Democratic candidate Elizabeth Warren beat out Republican candidate Scott Brown in Massachusetts, making her the first female senator from the state.
Click here for more information on how well women did in the election.
The first Asian-American was elected to the Senate. She is also Hawaii's first female Senator.
Both Senate candidates who made controversial statements about rape were ousted from their seats.
Republican congressman Todd Akin lost his seat to Democrat Claire McCaskill in MissouriAkin claimed that female victims of “legitimate rape” rarely experience pregnancy from rape: “First of all, from what I understand from doctors, that’s really rare. If it’s a legitimate rape, the female body has ways to shut that whole thing down.”
Click here to watch the interview in which he makes this statement.
Republican candidate Richard Mourdock lost the race to Democratic congressman Joe Donelly in Indiana. Mourdock claimed that pregnancy resulting from rape was “something that God intended to happen”: “I believe that life begins at contraception. The only exception I have to have an abortion is in the life of the mother. I just struggled with it myself for a long time, but I came to realize life is that gift from God – that I think even if life begins in that horrible situation of rape, that it is something that God intended to happen.”
Click here to see video of Mourdock making this statement.
It should be noted that Joe Donelly is also against abortion.
Also, both Washington and Colorado voted to legalize marijuana for recreational use for those 21 and over.
Four states have also voted for marriage equality. Washington, Maine, Maryland and Minnesota. This is a huge step forward in such a short span of time.
Something else you may be interested to know is that Puerto Rico voted to change their status. When asked how they wanted to change their status, a majority of Puerto Ricans voted that they wanted statehood, as in, become the 51st state of the US. They are currently a US territory. They are Americans but do not vote in elections or have representatiion in the government. They govern themselves but follow American laws.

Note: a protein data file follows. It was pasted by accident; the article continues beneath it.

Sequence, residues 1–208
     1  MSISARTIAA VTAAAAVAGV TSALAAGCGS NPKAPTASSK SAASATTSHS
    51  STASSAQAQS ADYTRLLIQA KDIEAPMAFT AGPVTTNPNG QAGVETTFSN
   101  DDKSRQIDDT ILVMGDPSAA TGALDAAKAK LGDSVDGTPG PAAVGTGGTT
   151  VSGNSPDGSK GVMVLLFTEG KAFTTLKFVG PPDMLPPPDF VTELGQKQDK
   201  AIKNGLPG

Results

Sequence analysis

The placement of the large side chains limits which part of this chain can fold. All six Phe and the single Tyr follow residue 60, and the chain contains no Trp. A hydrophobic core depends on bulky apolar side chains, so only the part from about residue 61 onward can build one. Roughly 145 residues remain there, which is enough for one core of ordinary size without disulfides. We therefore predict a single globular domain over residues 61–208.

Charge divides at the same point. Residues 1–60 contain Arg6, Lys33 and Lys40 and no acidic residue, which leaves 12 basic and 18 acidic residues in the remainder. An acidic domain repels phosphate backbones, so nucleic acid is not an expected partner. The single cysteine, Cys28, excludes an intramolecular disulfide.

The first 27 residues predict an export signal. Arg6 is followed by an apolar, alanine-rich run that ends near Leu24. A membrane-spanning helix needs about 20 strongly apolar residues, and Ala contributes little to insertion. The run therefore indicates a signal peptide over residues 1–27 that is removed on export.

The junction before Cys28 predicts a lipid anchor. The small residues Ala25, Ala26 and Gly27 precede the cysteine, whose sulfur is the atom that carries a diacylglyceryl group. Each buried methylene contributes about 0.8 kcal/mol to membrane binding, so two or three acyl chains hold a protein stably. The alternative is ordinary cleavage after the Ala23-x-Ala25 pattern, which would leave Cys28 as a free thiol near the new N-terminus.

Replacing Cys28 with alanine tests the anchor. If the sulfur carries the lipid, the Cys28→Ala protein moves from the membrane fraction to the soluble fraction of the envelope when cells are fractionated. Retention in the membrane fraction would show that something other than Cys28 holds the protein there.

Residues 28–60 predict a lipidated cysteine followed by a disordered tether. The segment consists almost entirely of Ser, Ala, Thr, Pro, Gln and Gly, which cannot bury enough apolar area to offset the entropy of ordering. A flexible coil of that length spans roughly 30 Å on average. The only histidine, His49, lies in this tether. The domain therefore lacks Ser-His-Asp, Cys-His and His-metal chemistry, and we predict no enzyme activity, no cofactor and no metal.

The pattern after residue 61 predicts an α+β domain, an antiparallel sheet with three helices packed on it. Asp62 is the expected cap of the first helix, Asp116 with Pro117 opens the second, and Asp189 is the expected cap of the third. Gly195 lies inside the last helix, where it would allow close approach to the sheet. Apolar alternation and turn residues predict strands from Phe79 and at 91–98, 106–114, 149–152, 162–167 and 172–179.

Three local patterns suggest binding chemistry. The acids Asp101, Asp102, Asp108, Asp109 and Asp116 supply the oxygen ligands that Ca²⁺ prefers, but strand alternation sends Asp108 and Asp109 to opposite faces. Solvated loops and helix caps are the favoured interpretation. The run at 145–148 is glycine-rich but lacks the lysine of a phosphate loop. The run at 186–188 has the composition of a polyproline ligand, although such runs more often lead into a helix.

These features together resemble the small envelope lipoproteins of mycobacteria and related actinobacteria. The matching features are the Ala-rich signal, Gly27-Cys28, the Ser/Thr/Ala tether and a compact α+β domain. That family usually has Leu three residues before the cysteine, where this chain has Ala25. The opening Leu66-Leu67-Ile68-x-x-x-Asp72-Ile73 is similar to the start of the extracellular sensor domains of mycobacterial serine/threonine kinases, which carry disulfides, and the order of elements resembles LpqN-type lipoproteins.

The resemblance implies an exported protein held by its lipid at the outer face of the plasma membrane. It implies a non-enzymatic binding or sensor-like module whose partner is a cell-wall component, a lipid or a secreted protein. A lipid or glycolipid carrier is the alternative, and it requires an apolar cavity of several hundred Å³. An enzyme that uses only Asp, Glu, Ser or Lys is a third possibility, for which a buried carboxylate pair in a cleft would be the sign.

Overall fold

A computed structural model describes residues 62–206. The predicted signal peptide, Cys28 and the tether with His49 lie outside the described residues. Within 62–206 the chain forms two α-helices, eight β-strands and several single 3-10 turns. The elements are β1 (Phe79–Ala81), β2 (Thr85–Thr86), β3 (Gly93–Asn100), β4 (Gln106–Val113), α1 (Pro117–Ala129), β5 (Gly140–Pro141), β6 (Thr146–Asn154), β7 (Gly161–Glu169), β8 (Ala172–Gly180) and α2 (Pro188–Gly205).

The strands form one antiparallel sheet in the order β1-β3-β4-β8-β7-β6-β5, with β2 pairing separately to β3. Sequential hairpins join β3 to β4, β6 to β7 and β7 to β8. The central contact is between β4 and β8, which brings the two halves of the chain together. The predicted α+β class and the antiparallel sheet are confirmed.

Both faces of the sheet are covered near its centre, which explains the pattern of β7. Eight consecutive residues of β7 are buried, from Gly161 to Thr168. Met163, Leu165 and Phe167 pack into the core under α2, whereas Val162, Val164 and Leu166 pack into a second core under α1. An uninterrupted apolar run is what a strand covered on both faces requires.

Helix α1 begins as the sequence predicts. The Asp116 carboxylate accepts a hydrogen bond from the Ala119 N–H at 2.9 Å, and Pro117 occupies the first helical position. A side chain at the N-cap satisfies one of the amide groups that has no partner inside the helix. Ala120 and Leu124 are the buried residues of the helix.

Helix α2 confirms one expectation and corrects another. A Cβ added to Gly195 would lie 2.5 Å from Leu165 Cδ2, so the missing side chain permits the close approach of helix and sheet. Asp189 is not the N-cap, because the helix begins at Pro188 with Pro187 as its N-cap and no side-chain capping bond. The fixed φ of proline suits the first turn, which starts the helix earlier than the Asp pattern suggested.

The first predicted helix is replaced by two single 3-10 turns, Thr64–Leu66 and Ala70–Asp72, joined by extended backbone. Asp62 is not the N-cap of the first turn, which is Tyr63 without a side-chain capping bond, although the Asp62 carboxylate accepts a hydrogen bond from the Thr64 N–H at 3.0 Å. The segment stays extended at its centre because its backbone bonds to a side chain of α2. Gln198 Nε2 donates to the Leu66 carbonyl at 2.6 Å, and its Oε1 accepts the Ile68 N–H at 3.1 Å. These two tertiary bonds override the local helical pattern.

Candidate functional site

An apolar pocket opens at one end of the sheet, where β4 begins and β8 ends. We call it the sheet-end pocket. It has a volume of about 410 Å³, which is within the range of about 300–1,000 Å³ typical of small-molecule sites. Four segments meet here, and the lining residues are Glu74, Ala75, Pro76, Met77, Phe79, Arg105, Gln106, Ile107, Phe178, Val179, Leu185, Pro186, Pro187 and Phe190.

My guess for the future of the Republican party is that they’re going to have to evaluate their position on a myriad of topics including immigration, abortion, health care, etc. They must embrace female voters, young voters, African Americans, Hispanics and Asian Americans. If they steer the course they will continue on a losing trend as their core of dependable voters shrinks in the face of growing diversity. The party of old, white, rich men cannot succeed. That time in history is over.
I foresee the party breaking in two if they don’t agree on what values to hold. I don’t see how the moderates can countenance the vitriolic remarks made by those who lean more to the right on social issues.
The US may be in store for a three party system if the moderates and far right supporters go their separate ways. It would definitely may American politics more interesting! A two party system is a boring system. Look at Canada for instance. We have four major parties and you never know what's going to happen.
I had a great time watching the US election but I am supremely happy that it is finished for a few years. What did you think of the 2012 US election?